Stage 3: Study Selection
Study Screening and Selection
Study selection (both at title/abstract screening and full text screening) was performed by three reviewers, independently. Any disagreements were solved by consensus or by the decision of a fourth reviewer were necessary. After eliminating the duplicates (studies that were identified more than once by the search engines), an initial screening of titles, abstracts, and summaries (if applicable) was undertaken to exclude records that clearly did not meet the inclusion criteria. Each record was classified as ‘include’ or ‘exclude’ to identify relevant and exclude irrelevant literature. The researchers were inclusive at this stage and, if uncertain about the relevance of a publication or report, it was left in. The full text was obtained for all the records that potentially met the inclusion criteria (based on the title and abstract/summary only). In a second step, all the full text papers were screened against the inclusion criteria, using a standardised tool. Studies that did not meet the inclusion criteria were listed with the reasons for exclusion. Multiple publications and reports on the same interventions were linked together and compared for completeness. The record containing the most complete data on any single intervention was identified as the primary article in the review, which was usually the original study or most recent evaluation report. An adapted PRISMA (Preferred Reporting Items for Systematic Reviews and Meta-analyses) flow-chart of study selection was included in the review .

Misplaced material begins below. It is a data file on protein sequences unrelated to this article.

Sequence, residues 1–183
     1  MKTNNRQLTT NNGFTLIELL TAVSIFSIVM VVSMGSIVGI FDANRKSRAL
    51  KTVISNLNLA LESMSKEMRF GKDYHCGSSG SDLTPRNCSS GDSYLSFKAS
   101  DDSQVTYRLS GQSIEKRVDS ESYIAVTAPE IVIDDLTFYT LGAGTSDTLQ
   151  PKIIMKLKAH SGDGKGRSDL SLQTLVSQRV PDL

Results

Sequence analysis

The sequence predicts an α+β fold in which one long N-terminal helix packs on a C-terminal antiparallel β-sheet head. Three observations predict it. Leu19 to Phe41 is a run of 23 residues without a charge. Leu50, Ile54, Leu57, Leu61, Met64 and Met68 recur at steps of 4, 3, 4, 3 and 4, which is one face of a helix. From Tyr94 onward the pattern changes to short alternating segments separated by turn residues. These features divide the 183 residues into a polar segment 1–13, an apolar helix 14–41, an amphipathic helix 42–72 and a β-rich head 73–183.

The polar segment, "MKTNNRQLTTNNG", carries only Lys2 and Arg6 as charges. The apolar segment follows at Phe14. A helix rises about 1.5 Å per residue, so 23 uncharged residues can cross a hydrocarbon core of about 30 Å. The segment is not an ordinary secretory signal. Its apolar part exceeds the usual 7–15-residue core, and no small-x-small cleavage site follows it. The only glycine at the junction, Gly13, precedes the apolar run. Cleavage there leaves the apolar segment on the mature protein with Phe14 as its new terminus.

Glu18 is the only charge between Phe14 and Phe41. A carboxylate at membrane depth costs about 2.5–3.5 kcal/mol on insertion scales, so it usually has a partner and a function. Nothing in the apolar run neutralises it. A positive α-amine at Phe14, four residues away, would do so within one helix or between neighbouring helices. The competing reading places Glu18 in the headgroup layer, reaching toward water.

Stage 4: Charting the Data
Data Extraction and Management
Data for analysis were extracted from the included studies and managed in an Excel spread sheet. A data extraction sheet was developed which was tailored to the requirements of the review. The data extraction sheet was tested on three included papers and, where necessary, it was revised to ensure it can be reliably interpreted and could capture all relevant data from different study designs. Extracted data included authors, year of study/ report, aim/purpose, type of paper (e.g. journal article, annual evaluation report, etc), geographical area, study population (e.g., age of participants, learning disability diagnosed, any additional co-morbid diagnosis), sample size, study design, identified mental wellbeing impacted needs (psychological and social), identified physical wellbeing impacted needs, description of the interventions/services/support for mental wellbeing needs, description of the interventions/services/support for physical wellbeing needs, duration of interventions, factors that facilitate and/or hinder access to interventions/services/support, outcomes reported by service users accessing/not accessing interventions (and how measured), key findings that relate to the scoping review questions.
Stage 5: Collating, Summarising and Reporting the Results
Presentation of the Results (Data synthesis)
Findings from included studies were synthesised narratively. The ‘Guidance on the Conduct of Narrative Synthesis in Systematic Reviews’ was used to advise the narrative synthesis . First, a preliminary synthesis was conducted to develop an initial description of the findings of included records and to organise them so that patterns across records could be identified. In a second step, thematic analysis was used to analyse the findings. The following five steps of thematic analysis were followed adopting a recursive process :
1. Familiarisation with the extracted data
2. Generation of initial codes
3. Searching for themes
4. Reviewing themes
5. Defining and naming themes
Depending on the findings available the reviewers will aim to provide a flow chart mapping the interventions available for ageing carers of individuals with learning disabilities, for the needs that were identified.